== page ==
Vaginismus: Review of Current Concepts and Treatment Using Botox Injections, Bupivacaine Injections, and Progressive Dilation with the Patient Under Anesthesia
Vaginismus is a poorly understood condition affecting approximately 1–7% of females worldwide. This article aims to bring attention to this disorder and to review the use of Botox injections to treat these patients. Vaginismus, also known as vaginal penetration disorder, is an aversion to any form of vaginal penetration as a result of painful attempts and a fear of anticipated pain. It is involuntary and uncontrolled and functions much the same as any reflex to avoid injury. It is the most common reason for unconsummated marriages. The etiology is thought to be unknown. Numerous papers note a history of religious or strict sexual upbringing or aversion to penetration because of perceived pain and bleeding with first-time intercourse. Sexual molestation may be more prevalent in this group of patients. The Lamont classification is very helpful in stratifying these patients for treatment. Lamont grade 5 vaginismus is introduced. Vaginal Botox injections for the treatment of vaginismus has received increasing attention since the technique was first described in a 1997 case report. Plastic surgeons worldwide with their experience using Botox are well positioned to learn more about this relatively unknown entity and render treatment.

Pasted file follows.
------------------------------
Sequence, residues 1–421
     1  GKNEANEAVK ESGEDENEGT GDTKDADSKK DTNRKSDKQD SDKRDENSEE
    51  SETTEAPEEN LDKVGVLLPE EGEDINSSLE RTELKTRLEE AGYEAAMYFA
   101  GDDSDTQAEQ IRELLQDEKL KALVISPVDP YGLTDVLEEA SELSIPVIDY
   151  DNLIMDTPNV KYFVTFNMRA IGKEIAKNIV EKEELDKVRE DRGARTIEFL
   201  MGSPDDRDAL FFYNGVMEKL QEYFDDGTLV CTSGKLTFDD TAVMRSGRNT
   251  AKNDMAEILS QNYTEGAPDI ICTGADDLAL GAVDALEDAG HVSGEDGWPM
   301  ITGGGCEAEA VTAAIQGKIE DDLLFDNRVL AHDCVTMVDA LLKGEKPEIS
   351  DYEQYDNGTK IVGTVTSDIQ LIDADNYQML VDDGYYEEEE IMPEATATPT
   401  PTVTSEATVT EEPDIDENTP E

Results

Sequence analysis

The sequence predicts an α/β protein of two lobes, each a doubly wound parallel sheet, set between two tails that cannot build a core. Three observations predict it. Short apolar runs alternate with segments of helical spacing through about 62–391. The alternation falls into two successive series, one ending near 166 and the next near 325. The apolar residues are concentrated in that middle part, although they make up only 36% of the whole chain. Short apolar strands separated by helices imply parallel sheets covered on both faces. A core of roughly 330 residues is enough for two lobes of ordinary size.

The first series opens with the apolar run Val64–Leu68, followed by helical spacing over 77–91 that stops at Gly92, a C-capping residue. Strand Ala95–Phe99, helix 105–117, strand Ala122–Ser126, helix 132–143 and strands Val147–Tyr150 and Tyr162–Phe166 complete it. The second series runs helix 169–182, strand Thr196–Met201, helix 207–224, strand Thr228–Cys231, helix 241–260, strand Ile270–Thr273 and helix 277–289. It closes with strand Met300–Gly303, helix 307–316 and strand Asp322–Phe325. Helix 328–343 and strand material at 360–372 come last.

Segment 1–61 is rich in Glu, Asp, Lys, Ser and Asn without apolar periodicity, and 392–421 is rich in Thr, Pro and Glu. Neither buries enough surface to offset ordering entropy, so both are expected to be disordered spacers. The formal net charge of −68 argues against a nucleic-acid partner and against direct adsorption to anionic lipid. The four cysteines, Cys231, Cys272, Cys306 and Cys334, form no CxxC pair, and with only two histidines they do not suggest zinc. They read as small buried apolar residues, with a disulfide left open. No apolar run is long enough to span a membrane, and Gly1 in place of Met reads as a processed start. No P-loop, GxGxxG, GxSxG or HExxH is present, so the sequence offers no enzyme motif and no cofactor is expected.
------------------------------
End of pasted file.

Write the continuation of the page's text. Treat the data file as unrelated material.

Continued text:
KeywordsBotox treatment for vaginismus Dyspareunia Painful intercourse Treatment of vaginismus Unable to consummate Unable to have intercourse Vaginismus Vestibulodynia
A grant received from Allergan provided free Botox for an FDA-approved study group of 30 patients. No compensation was given to the investigator.
- 1.Sims JS (1861) On vaginismus. Trans Obstet Soc Lond 3:356–367Google Scholar
- 3.Lahaie MA, Boyer S, Amsel R, Khalife S, Binik YM (2010) Vaginismus: a review of the literature on classification/diagnosis, etiology, and treatment. Woman’s Health 6:705–719Google Scholar
- 4.Goldstein A, Pukall C, Goldstein I (eds) (2009) Female sexual pain disorders, 1st edn. Blackwell, New YorkGoogle Scholar
- 11.Reissing ED, Hattori K, Davis HJ (2003) Vaginal penetration disorder: an empirically based and clinically relevant alternative for the diagnosis of sexual pain disorders. In: 30th Annual conference of the Canadian Sex Research Forum, Edmonton, AB, CanadaGoogle Scholar
- 14.Pacik PT, Cole JB (2010) When sex seems impossible: stories of vaginismus and how you can achieve intimacy. Odyne Publishing, Manchester, NH, pp 40–47Google Scholar
- 15.Pacik PT (2011) Vaginismus: the Lamont classification revisited. Poster presentation at the ISSWSH Annual Meeting, ScottsdaleGoogle Scholar